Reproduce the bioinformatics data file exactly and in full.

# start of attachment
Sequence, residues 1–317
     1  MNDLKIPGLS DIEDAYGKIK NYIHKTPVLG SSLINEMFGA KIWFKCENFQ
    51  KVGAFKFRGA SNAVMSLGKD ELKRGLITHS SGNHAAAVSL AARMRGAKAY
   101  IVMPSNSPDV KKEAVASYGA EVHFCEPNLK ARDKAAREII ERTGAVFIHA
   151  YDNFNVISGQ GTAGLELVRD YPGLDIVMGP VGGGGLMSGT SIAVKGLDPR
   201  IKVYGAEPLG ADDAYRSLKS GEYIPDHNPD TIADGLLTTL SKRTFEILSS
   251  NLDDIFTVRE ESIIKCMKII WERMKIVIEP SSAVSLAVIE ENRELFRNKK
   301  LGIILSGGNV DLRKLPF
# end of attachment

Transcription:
Sequence, residues 1–317
     1  MNDLKIPGLS DIEDAYGKIK NYIHKTPVLG SSLINEMFGA KIWFKCENFQ
    51  KVGAFKFRGA SNAVMSLGKD ELKRGLITHS SGNHAAAVSL AARMRGAKAY
   101  IVMPSNSPDV KKEAVASYGA EVHFCEPNLK ARDKAAREII ERTGAVFIHA
   151  YDNFNVISGQ GTAGLELVRD YPGLDIVMGP VGGGGLMSGT SIAVKGLDPR
   201  IKVYGAEPLG ADDAYRSLKS GEYIPDHNPD TIADGLLTTL SKRTFEILSS
   251  NLDDIFTVRE ESIIKCMKII WERMKIVIEP SSAVSLAVIE ENRELFRNKK
   301  LGIILSGGNV DLRKLPF